RESULTADOS: A expressão do marcador NM23 foi maior no tecido do carcinoma colorretal do que na mucosa não-neoplásica adjacente (P<0,0001). A expressão da proteína NM23 não apresentou relação com o grau de diferenciação celular (P = 0,57), invasão vascular (P = 0,85), invasão linfática (P = 0,41), infiltração perineural (P = 0,46), estádio (P = 0,19), metástases linfonodais (P = 0,08) ou metástases hepáticas (P = 0,59). A sobrevivência livre de doença mostrou relação significante (P = 0,01) com a intensidade de imunoexpressão da proteína NM23 no tecido do carcinoma colorretal, e a sobrevivência global não mostrou relação com a expressão da proteína NM23 (P = 0,13).
CONCLUSÕES: A expressão da proteína NM23 foi mais intensa no tecido neoplásico do carcinoma colorretal do que na mucosa não-neoplásica adjacente. A expressão da proteína NM23 não se relacionou com os aspectos morfológicos, presença de metástases linfonodais ou hepáticas, estádio do carcinoma colorretal ou com a sobrevivência global. A sobrevivência livre de doença foi maior nos doentes com expressão aumentada do gene supressor de metástases NM23.

Descritores: Neoplasias colorretais. Carcinoma. Marcadores biológicos de tumor. Antígenos CD. Nucleosídeo NM23 difosfato quinases. Prognóstico.




Colorectal carcinoma is one of the most common cancers in the Western world and is becoming increasingly prevalent(5, 9, 15). Despite advances in surgical management and complementary treatment of these tumors, overall mortality has not decreased significantly over recent years(1, 4, 5, 29).

The most significant prognostic factor in colorectal carcinoma is tumor staging at initial diagnosis. Depth of tumor penetration into the intestinal wall, lymph node involvement and presence of metastases are the most reliable indicators of survival in colorectal carcinoma(3, 9, 15).

Although subjected to different cancer screening procedures, several patients show a more advanced stage at surgery, and the overall 5-year survival rate reaches only 50% of colorectal carcinoma patients despite having resectable disease(9, 15). Metastasis is the main cause of death in this group, leading to locoregional or distant recurrence in late-stage tumors.

Studies(3, 21, 29) have investigated factors that may reduce morbidity and mortality from colorectal cancer, with a special emphasis on tumor markers. Despite the relatively large number of studies analyzing tumor markers, only a few of them are currently used in clinical practice. However, high costs and low sensitivity and specificity limit the routine use of these markers in a clinical setting(5, 11, 19).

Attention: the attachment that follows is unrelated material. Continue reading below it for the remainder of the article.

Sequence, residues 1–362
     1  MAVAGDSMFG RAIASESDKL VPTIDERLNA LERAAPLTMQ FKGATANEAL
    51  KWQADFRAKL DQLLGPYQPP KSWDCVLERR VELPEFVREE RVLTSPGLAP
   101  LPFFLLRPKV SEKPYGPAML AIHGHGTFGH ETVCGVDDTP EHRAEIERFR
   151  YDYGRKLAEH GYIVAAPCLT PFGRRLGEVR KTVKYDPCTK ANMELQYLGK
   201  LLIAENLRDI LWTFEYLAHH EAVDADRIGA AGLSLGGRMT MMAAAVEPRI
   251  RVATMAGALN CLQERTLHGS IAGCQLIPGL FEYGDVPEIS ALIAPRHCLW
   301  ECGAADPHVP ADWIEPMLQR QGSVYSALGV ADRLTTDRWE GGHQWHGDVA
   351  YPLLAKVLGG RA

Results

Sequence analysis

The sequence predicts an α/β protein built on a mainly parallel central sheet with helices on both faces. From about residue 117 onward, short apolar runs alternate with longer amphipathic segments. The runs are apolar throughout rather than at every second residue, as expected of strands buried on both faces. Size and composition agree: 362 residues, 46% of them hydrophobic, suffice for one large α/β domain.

Most prognostic parameters based on the immunohistochemical expression of tumor markers require neoplastic tissue samples and, therefore, can only be assessed postoperatively or after obtaining tissue for biopsy. Moreover, reproducibility of results may vary(13, 17, 23, 29). Nevertheless, the study of tumor markers in neoplastic tissue is particularly interesting, because it allows analysis of tumor cells and intraindividual biological variability, providing a high degree of biological specificity concerning the cancer under study. Within this context, one may speculate that determining the immunohistochemical expression of markers in colorectal carcinoma tissue has the potential to provide prognostic information, even in non-advanced stages(2).

The NM23 gene is located on chromosome 17 and produces two proteins, NM23-H1 and NM23-H2(11, 14, 18, 33, 36). Identified as a metastasis suppressor gene, NM23 was first isolated in murine melanoma cell lines(11). Campo et al.(11) associated low tissue immunohistochemical expression of these proteins with poor prognosis in colorectal carcinoma patients. On the other hand, Bazan et al.(6) found no correlation between the reduced tissue expression of this marker and prognosis in colorectal cancer. Other studies have shown conflicting results concerning the association between NM23 expression in colorectal carcinoma tissue and tumor prognosis(6, 8, 10, 12, 30).